• 79 Metascore
    • 75 Reviewed by
      Ed Bark
    Maslany shows no signs of running down during the very challenging assignment of playing a wealth of disparate characters. But Orphan Black’s twists, turns and veers are getting increasingly harder to keep down--and impossible to swallow whole.
    • 79 Metascore
    • 83 Reviewed by
      Ed Bark
    After a ridiculous opening bit--in which Maya recklessly drives the entire family to a restaurant whose 50 percent off coupon will expire in three minutes--both Driver and the show settle into a solid and for the most part amusing groove.
    • 79 Metascore
    • 91 Reviewed by
      Ed Bark
    Although it arguably strings things out a bit too much, this newest Witness is a watchable feast of strong portrayals and mostly sturdy plot threads. Jones is a fearless, full-immersion actor whose performance spares him no personal indignities.
    • 79 Metascore
    • 83 Reviewed by
      Ed Bark
    Much of the performance footage is phenomenal in that respect. But in two hours time, the film could have dug deeper rather than coming to a screeching halt that almost rivals its subject’s high-pitched stage wails.
    • 79 Metascore
    • 91 Reviewed by
      Ed Bark
    It sometimes lapses into the abundant cliches of its genre. Pound for pound, though, you won't see many better dramas this season. Gloves on or off, it keeps scoring points.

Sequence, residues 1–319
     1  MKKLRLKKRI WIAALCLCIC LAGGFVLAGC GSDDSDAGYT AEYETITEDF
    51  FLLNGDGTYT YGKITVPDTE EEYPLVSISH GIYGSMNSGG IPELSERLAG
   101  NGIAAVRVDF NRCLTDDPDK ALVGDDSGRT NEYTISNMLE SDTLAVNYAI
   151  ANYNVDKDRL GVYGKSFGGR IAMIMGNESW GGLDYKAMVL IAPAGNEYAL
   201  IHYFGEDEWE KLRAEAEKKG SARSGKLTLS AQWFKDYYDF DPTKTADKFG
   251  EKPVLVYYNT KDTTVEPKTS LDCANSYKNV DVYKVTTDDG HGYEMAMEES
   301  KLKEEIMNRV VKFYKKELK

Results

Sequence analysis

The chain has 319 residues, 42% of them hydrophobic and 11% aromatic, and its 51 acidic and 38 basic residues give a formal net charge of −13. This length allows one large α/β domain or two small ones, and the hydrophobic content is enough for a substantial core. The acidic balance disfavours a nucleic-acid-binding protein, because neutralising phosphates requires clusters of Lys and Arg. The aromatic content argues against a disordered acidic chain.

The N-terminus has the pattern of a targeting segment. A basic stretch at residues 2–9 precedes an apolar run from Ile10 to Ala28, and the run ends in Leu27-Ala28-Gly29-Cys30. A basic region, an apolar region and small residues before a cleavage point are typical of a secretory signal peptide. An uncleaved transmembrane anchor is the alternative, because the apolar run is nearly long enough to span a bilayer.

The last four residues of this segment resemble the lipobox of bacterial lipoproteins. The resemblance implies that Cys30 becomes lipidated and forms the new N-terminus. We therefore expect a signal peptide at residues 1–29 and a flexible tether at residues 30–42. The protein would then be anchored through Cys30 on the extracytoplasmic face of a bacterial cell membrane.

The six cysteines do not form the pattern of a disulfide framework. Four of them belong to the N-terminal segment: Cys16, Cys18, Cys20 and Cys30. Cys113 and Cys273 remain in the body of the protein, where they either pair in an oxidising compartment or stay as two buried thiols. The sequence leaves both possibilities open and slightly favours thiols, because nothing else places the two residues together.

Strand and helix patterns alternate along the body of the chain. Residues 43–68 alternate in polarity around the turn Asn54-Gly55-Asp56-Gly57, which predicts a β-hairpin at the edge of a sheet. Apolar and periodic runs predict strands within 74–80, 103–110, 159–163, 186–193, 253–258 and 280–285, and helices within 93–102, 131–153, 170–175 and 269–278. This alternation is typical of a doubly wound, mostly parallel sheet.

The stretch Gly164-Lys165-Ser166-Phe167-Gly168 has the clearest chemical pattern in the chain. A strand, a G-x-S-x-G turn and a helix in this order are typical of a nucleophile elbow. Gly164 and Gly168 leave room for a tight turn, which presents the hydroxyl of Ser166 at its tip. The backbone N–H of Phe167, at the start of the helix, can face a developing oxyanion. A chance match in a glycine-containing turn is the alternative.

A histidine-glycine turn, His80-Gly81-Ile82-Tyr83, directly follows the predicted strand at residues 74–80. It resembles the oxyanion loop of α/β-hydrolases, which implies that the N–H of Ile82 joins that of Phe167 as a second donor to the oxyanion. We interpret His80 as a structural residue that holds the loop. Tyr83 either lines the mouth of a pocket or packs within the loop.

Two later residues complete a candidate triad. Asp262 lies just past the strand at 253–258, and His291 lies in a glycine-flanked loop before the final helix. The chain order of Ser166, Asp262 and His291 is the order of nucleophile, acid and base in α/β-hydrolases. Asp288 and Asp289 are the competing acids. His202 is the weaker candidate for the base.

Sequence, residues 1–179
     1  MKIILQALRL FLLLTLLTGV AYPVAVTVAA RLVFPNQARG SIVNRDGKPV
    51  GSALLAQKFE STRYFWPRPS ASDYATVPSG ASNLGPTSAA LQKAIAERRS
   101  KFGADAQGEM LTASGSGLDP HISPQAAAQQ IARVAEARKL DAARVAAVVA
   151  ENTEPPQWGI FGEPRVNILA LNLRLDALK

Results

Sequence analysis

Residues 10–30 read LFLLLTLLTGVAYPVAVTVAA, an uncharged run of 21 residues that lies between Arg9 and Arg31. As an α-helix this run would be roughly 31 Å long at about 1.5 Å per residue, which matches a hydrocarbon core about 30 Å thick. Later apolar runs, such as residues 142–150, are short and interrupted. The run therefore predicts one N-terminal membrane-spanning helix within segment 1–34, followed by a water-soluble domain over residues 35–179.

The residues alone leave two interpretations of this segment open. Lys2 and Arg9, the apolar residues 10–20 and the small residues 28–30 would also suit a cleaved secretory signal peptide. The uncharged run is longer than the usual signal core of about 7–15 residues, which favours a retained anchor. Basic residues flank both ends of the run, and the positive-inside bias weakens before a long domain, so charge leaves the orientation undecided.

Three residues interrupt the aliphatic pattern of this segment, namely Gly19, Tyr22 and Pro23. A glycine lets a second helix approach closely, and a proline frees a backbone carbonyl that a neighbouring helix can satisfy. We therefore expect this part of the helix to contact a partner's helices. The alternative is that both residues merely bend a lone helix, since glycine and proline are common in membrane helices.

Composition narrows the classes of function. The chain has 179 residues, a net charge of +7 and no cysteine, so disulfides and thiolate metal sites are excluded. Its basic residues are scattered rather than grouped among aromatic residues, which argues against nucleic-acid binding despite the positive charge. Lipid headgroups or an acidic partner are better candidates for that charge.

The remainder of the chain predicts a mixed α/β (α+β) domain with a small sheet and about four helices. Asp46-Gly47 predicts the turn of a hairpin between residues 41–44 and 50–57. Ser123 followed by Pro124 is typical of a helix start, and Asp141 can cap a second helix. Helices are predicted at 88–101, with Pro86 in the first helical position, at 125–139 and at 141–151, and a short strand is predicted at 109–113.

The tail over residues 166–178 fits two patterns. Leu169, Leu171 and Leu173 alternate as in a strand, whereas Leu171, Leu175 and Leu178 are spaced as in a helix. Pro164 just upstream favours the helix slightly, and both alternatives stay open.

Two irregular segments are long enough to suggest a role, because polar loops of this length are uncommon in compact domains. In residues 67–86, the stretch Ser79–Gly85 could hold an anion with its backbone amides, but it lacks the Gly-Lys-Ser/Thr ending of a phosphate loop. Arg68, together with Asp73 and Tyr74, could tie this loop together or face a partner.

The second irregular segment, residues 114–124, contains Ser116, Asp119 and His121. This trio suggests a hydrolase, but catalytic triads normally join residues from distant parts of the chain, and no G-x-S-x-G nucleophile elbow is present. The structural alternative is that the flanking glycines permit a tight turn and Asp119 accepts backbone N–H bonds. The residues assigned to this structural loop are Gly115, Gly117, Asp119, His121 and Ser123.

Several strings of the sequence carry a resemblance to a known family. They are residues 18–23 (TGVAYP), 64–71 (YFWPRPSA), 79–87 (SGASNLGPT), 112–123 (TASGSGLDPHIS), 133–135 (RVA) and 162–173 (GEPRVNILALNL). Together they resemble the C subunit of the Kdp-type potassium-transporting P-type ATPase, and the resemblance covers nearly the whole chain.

• 79 Metascore
    • 83 Reviewed by
      Ed Bark
    So far, muy bueno. Somewhat amazingly, this turns out to be a comedy whose time has come again.
    • 79 Metascore
    • 91 Reviewed by
      Ed Bark
    The real joys of Smash are its performances and production numbers, some fantasized, others part of the bare bones auditioning process.
    • 79 Metascore
    • 83 Reviewed by
      Ed Bark
    Elliot's (Rami Malek) haunted eyes and black hoodies, coupled with a blunt, abrasive take on humankind, propel Mr. Robot through a world of deep discontent and covert villainy.
    • 79 Metascore
    • 75 Reviewed by
      Ed Bark
    So much of Togetherness hung together with a very deft blend of humor and angst. But then the angst took over, the loopiness kicked in too hard and schmaltz came charging up through the backstretch.
    • 79 Metascore
    • 91 Reviewed by
      Ed Bark
    Vietnam In HD is vivid and compelling without being intrinsically political.
    • 79 Metascore
    • 83 Reviewed by
      Ed Bark
    It’s an acquired taste worth acquiring--or at least sampling. Because you just won’t know until you’ve tried.
    • 78 Metascore
    • 83 Reviewed by
      Ed Bark
    Patience is recommended, because it takes a while for Mindhunter to embed its hooks and acclimate Groff, who at times seems to be almost painfully “finding” his character. ... Based on what we have, Mindhunter is plodding at times but promising in the main.
    • 78 Metascore
    • 91 Reviewed by
      Ed Bark
    Crazy Ex-Girlfriend romps and rolls without really missing a beat.
    • 78 Metascore
    • 91 Reviewed by
      Ed Bark
    Grammer's performance is thoroughly engaging and convincing. And the events swirling around him never fail to snap, crackle and pop.
    • 78 Metascore
    • 91 Reviewed by
      Ed Bark
    John Benjamin Hickey’s point man performance leads the way, with his character’s demons and dilemmas already etched like fissures in his face. Carrying the weight of the world can be heavy lifting. Manhattan so far shows every sign of being able to shoulder the load.
    • 78 Metascore
    • 91 Reviewed by
      Ed Bark
    Better Call Saul looks very much as though it can stand on its own, even with occasional drop-ins from prominent Breaking Bad characters other than Mike Ehrmantraut. Jimmy/Saul’s life isn’t in jeopardy as long as he stays in the past.